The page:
Newspaper article Pittsburgh Post-Gazette (Pittsburgh, PA)

Fatal Bites Are Rare from Rattlesnakes

Newspaper article Pittsburgh Post-Gazette (Pittsburgh, PA)

Fatal Bites Are Rare from Rattlesnakes

Article excerpt

Timber rattlesnakes rarely bite people, and people are rarely allergic to timber rattlesnake venom.

For a Beaver County man, both of those facts were unfortunately and fatally not the case.

Russell E. Davis was throwing wood on a campfire in Elk County when a rattlesnake bit him late Saturday night. He received an antivenin treatment at Penn Highlands Health Care in St. Marys, Elk County, and was placed in a medical helicopter to receive further treatment at a Pittsburgh hospital.

But before he could make it there, Mr. Davis, 39, of Freedom went into full cardiac arrest and was later pronounced dead at 5:23 a.m. at ACMH Hospital in Kittanning, Armstrong County.

Because of his location, Mr. Davis most likely suffered an accidental bite from a timber rattlesnake. According to the Pennsylvania Department of Conservation and Natural Resources, this is the first fatal timber rattlesnake bite in more than two decades, and herpetologists say the snakes don't like to strike anything too big to eat.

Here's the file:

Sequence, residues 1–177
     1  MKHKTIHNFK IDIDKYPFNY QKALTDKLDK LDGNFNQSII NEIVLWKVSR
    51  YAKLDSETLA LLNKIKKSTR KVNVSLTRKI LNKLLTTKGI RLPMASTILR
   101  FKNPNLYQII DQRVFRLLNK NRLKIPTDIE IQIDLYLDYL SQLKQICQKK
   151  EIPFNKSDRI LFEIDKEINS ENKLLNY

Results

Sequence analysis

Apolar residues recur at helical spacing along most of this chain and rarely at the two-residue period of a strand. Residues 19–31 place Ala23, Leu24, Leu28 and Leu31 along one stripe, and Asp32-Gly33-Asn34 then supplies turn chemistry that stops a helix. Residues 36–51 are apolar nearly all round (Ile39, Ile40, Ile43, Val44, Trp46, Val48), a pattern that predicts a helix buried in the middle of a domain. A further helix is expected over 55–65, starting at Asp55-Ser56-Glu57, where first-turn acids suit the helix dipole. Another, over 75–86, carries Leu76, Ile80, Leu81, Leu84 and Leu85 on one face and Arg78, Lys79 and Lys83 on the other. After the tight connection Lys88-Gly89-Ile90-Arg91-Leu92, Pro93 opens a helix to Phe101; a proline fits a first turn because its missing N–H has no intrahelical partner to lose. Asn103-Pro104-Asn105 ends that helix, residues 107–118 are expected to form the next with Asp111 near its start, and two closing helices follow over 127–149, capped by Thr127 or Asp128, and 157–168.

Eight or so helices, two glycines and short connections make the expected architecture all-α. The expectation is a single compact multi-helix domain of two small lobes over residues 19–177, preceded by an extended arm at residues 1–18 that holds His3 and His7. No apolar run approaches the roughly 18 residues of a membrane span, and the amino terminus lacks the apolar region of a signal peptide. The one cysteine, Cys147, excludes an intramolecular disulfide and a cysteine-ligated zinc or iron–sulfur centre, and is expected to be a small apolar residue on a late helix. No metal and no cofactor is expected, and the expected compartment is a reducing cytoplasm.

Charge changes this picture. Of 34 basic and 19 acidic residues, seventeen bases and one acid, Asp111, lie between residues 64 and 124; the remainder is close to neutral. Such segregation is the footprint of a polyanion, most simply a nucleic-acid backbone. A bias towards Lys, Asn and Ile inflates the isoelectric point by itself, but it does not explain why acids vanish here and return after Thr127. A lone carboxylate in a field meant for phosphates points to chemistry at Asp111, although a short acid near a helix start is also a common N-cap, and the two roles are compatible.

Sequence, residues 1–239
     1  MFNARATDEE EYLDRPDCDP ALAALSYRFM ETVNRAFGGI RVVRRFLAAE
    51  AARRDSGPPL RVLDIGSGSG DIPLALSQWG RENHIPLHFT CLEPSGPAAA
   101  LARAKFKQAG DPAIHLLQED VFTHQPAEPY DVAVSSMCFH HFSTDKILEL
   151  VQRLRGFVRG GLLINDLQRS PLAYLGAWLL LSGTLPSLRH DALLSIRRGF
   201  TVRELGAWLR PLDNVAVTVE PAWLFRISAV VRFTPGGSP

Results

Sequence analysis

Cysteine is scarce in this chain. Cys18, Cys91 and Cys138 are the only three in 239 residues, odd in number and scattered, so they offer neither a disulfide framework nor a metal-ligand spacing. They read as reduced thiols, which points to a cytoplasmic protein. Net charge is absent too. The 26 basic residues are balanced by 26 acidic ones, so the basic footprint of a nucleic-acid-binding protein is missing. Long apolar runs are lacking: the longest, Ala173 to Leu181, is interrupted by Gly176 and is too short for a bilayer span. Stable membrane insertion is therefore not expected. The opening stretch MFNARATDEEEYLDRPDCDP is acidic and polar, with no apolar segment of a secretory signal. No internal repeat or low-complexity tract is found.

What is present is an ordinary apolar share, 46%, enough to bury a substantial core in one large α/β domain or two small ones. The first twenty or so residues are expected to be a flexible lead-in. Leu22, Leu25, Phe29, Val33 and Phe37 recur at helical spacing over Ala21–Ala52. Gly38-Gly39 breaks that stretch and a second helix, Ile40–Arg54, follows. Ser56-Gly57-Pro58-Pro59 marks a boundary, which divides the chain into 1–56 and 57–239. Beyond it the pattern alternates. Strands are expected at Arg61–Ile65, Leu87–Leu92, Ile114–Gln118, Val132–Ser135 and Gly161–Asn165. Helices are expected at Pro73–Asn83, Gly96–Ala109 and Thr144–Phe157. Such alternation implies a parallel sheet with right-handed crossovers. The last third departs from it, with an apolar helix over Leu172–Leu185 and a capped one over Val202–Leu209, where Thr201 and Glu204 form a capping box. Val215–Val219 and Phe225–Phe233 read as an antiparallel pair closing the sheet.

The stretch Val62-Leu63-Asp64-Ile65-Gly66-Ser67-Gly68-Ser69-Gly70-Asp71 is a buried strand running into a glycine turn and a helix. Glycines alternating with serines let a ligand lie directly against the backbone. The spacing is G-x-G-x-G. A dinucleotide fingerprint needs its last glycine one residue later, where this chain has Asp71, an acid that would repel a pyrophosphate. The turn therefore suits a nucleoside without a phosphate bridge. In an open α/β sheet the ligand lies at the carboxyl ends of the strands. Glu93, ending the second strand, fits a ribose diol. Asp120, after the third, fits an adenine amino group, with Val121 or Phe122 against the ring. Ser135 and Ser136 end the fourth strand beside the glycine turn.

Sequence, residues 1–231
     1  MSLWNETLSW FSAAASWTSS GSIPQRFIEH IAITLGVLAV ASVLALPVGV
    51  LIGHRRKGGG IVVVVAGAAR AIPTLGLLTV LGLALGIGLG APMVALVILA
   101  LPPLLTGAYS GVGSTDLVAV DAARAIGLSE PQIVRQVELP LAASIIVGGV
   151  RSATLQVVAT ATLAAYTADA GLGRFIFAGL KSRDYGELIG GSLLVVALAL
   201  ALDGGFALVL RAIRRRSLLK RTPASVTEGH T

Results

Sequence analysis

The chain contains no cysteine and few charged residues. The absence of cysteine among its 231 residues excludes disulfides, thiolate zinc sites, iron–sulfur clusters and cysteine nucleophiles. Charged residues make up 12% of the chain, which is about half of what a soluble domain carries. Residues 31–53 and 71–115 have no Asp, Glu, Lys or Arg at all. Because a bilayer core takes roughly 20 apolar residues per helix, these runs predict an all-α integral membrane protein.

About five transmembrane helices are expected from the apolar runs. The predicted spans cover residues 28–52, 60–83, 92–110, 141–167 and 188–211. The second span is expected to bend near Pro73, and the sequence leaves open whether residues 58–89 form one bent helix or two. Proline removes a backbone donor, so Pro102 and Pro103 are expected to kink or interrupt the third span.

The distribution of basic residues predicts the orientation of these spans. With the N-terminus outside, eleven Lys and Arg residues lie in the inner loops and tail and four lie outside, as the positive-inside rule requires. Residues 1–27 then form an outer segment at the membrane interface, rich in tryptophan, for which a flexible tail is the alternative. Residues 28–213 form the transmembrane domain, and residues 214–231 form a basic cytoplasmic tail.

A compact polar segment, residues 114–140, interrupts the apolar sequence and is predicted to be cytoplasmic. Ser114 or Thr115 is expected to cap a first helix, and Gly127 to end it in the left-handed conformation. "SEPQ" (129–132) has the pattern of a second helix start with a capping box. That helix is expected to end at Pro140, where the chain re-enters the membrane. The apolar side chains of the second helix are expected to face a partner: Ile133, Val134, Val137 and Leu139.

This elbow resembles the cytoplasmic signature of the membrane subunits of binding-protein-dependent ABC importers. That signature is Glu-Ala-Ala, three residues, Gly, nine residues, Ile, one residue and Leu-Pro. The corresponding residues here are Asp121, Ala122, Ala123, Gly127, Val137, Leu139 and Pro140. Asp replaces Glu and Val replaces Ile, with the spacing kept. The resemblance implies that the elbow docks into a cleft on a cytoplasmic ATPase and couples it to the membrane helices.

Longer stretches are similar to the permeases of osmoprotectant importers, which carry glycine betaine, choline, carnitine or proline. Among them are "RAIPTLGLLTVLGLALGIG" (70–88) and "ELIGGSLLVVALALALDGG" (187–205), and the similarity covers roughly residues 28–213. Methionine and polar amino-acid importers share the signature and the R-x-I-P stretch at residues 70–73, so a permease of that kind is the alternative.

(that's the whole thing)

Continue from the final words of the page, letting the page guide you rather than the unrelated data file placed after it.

"Timber rattlesnakes - as far as rattlesnakes across the country go - are incredibly docile," said Michael Torroco, a herpetologist with Herpetological Associates Inc. "It takes a lot usually to get one to bite."

Timber rattlesnakes position themselves along woodpiles, then use their heat sensors to detect and ambush rodents scurrying across the logs, according to herpetologists Stan Boder and Mr. Torroco. When Mr. Davis bent down and reached out to grab more firewood, Mr. Boder and Mr. Torroco said the snake would have struck out, hoping to hit a mouse or chipmunk.

"Somebody's hand may have just caught its attention and without thinking twice, they might have struck to try and get themselves a meal," Mr. Torroco said.

Striking out is the last line of defense for a snake, Mr. Boder said, as it doesn't want to waste venom or lose a fang when hooking onto something too big to eat.

It's also unlikely it would have given a warning before it struck. …

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